Allen J. Frank

The Cambridge History of Inner Asia: The Chinggisid Age

Nicola Di Cosmo, Allen J. Frank, Peter B. Golden, The Cambridge History of Inner Asia: The Chinggisid Age. Cambridge University Press, 2009. xxvii+488 p.This volume centres on the history and legacy of the Mongol World Empire founded by Chinggis Khan and his sons, including its impact upon the modern world. An international team of scholars examines the political and cultural history of the Mongol empire, its Chinggisid successor states, and the non-Chinggisid dynasties that came to dominate Inner Asia in its wake. Geographically, it focuses on the continental region from East Asia to Eastern Europe. Beginning in the twelfth century, the volume moves through to the establishment of Chinese and Russian political hegemony in Inner Asia from the sixteenth to the nineteenth centuries. Contributors use recent research and new approaches that have revitalized Inner Asian studies to highlight the world-historical importance of the regimes and states formed during and after the Mongol conquest. Their conclusions testify to the importance of a region whose modern fate has been overshadowed by Russia and China.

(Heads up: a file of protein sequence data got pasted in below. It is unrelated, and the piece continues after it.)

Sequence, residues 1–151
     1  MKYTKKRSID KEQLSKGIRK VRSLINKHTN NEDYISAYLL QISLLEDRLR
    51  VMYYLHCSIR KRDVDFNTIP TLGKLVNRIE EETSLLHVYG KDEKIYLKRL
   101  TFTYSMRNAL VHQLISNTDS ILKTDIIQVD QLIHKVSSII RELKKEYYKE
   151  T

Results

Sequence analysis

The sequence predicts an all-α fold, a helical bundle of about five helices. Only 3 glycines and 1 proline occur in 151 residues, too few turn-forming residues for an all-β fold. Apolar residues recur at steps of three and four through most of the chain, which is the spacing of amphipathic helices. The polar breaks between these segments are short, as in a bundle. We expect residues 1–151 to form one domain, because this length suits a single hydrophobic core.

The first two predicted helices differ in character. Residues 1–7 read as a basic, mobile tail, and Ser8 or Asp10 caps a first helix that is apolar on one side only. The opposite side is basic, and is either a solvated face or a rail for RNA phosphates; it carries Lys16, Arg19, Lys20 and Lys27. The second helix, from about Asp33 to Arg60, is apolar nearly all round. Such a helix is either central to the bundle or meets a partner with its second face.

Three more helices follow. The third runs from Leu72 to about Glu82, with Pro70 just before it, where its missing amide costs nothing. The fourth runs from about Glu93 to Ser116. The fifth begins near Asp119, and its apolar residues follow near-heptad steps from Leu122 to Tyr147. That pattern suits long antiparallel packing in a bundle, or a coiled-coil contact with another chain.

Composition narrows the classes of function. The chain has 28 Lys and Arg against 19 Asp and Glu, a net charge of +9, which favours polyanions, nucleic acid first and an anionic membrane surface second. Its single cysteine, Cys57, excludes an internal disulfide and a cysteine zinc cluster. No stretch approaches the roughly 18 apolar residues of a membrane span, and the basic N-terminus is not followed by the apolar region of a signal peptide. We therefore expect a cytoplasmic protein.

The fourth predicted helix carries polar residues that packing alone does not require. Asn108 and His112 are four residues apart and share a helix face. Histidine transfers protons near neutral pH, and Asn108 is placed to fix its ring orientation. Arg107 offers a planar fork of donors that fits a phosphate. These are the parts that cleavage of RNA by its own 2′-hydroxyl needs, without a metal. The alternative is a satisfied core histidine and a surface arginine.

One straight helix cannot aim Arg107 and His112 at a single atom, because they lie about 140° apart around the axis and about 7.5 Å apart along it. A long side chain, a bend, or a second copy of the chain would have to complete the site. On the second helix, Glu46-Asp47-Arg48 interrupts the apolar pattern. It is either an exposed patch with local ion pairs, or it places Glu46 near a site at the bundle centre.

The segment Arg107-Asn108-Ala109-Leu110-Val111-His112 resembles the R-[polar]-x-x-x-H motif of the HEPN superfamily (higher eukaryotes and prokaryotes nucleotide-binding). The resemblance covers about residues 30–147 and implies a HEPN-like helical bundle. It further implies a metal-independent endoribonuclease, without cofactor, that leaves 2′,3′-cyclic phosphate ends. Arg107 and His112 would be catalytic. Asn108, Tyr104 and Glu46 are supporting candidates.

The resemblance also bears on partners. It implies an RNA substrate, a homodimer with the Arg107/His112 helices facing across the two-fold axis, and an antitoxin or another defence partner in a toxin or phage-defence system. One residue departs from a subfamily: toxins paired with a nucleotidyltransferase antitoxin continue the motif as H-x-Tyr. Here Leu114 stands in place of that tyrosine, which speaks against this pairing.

Islamic Historiography and "Bulghar" Identity among the Tatars and Bashkirs of Russia

Allen J. Frank, Islamic Historiography and "Bulghar" Identity among the Tatars and Bashkirs of Russia. Leiden: Brill, 1998. ix + 232 pp.This text deals with the development of Bulghar regional identity among Tartars and Bashkirs — Muslims living in the Volga-Ural region. Based on locally-produced Islamic manuscripts, the book examines how these Muslims manipulated legends, conversion narratives, and sacred geography to create a body of sacred historiography that expressed a meaningful regional identity, and one which responds to the changing relationship between these Muslims and the Russian state over the 19th century. The book also traces the debate between traditionalist supporters and reformist detractors of this sacred historiography in the 19th century, and addresses the fate of Bulghar identity in the 20th century, including its transformation in Soviet and post-Soviet times into a secularized national identity.

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